From left, Kevine Kampire smiles at Kanny Jacobi as he carries a bag of carrots, both of the Groundwork Denver program, on Wednesday, June 30, 2021, during a food pantry distribution at the Village Exchange Center in Aurora. The Village Exchange Center is a nonprofit organization that supports immigrants and refugees. (Rachel Woolf for Colorado Newsline)
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“I discovered my purpose in life,” Rios said.
Rios, through an apprenticeship he began in March 2020 at Village Farms at Stanley, fell in love with growing food. The social enterprise is operated by Village Exchange Center, an Aurora nonprofit that gets the produce to people in need through weekly food pantry distributions.
For Rios, who fled Venezuela in 2017, growing fruits and vegetables at the farm was much more than just a new hobby. Improving food access for underserved communities represented an opportunity to come full circle. In Venezuela, he explained, you had two options: Work to make enough money to buy a little food, when there was nowhere to purchase it, or give up your job so you would have time to stand in line for food all day.
“The only food access that you had … was the food provided by the government,” Rios said. “So imagine how powerful it is to flip the page where I had the opportunity to come here to be involved with farming and to grow food for the community.”
Rios spoke to Newsline during a community celebration at Village Exchange Center in late June 2021. He didn’t give his full name as a precaution in case it would endanger his ongoing immigration case.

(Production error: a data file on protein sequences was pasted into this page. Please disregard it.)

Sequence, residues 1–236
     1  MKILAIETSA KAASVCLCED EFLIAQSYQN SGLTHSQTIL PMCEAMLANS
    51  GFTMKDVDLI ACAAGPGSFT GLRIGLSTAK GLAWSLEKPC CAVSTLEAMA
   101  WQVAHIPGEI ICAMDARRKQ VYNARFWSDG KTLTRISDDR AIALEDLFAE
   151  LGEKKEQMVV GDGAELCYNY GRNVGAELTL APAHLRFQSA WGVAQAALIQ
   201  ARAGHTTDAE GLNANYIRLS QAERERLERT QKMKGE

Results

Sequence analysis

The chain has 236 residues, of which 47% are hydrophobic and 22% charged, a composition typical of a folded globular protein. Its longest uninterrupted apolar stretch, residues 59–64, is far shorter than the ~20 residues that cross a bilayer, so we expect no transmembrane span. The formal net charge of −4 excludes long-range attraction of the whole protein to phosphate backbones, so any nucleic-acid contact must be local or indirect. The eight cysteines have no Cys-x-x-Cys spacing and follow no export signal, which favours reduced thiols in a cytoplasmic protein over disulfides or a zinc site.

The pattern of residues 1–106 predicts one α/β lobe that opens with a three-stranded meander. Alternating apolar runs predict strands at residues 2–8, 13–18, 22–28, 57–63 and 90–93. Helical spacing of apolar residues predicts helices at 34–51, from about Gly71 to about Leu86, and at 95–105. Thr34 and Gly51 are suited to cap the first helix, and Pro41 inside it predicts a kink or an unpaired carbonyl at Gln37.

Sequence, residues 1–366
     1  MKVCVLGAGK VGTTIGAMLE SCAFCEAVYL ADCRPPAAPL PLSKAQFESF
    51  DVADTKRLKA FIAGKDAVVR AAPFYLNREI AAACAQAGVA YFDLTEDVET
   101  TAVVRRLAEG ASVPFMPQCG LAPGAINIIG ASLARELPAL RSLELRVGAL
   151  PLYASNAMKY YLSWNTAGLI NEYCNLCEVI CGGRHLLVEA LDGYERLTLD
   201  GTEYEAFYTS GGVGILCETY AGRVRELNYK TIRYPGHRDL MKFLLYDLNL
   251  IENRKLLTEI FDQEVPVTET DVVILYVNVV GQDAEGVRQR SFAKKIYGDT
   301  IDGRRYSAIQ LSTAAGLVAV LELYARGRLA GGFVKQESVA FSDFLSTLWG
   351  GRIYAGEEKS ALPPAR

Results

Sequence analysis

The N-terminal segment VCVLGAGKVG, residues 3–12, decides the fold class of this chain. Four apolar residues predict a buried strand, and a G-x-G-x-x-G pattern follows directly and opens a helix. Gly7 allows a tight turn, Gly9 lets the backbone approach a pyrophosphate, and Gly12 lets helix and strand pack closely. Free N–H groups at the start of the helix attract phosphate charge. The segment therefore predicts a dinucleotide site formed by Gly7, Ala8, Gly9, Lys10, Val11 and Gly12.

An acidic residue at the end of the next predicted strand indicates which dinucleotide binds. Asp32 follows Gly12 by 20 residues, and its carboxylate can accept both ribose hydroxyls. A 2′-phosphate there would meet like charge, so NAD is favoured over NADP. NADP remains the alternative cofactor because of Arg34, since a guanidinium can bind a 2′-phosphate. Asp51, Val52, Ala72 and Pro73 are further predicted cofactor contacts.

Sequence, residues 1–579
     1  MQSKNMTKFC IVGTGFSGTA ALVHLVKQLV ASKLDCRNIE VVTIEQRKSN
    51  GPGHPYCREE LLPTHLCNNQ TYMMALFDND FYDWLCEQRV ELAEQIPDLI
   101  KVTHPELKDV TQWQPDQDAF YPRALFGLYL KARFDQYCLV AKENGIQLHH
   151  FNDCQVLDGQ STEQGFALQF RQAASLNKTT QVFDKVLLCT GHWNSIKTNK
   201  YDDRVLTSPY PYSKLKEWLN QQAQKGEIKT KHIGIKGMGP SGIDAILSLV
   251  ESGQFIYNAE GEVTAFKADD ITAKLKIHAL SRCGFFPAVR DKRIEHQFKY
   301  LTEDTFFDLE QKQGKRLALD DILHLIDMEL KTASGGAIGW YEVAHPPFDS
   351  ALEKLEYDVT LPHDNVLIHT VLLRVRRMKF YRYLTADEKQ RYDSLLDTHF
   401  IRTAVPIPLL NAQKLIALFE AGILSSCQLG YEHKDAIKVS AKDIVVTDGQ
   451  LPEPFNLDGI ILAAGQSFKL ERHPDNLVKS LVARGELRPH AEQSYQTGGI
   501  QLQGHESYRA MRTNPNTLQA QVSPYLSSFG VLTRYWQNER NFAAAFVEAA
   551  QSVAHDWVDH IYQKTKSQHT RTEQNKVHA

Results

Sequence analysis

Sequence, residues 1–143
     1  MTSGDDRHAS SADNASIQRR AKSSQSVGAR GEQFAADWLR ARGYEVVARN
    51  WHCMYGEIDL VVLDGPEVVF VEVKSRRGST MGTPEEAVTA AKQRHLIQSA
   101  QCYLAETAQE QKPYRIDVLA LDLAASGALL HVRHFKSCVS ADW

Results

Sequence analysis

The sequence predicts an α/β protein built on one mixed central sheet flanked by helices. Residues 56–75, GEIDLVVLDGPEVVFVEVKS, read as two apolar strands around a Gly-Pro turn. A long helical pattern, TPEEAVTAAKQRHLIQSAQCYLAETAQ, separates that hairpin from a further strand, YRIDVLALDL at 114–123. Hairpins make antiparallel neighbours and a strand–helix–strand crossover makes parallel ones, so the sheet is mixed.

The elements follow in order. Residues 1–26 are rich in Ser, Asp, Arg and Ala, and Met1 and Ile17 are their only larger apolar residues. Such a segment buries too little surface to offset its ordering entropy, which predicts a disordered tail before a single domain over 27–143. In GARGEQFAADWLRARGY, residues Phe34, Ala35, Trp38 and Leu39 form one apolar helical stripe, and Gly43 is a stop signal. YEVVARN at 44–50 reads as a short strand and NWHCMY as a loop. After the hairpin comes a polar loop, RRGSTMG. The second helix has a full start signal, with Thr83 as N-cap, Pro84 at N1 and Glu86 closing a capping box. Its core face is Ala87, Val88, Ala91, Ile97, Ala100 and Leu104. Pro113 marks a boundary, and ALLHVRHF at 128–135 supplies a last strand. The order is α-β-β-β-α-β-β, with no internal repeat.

Things were looking up at the time. President Joe Biden’s administration had recently announced that temporary protected status, or TPS, for Venezuelans would be extended through September 2022 — welcome news for Rios, who would be eligible for protection from deportation under TPS. Along with his TPS case, Rios explained, he had a parallel, pending asylum case. Asylum status would provide protection and a path to lawful permanent residency, which could eventually lead to citizenship.
At the event, a sense of cautious relief filled the air as people talked and laughed over burgers. The spread of COVID-19 had been slowing across Colorado as vaccination rates continued to climb. Most businesses had reopened to full capacity.
But the pandemic left indelible scars on many Coloradans, and undocumented immigrants and mixed-status families often bore the brunt of its economic and health-related effects. Forced to remain in the shadows, they were shut out from many of the same relief measures — such as unemployment insurance and stimulus checks — that their neighbors, friends and colleagues could enjoy, despite the fact that many lacked access to health care in the midst of a global health crisis.
“Even prior to the pandemic itself, the fear that immigrants felt was so palpable that even if their U.S. citizen kids qualified for certain programs or benefits or what-have-you, their immigrant parents were declining to enroll them,” state Sen. Julie Gonzales, a Denver Democrat, said in an interview. “The pandemic, however, then added all of these extra fears on top of a community that was terrified to reach out and ask anybody for help.”
Legislators, policymakers and social workers in Colorado did their best over the last year and a half to break down barriers to trust. Meanwhile, immigrants and their community allies stood up to support one another and fill needed gaps.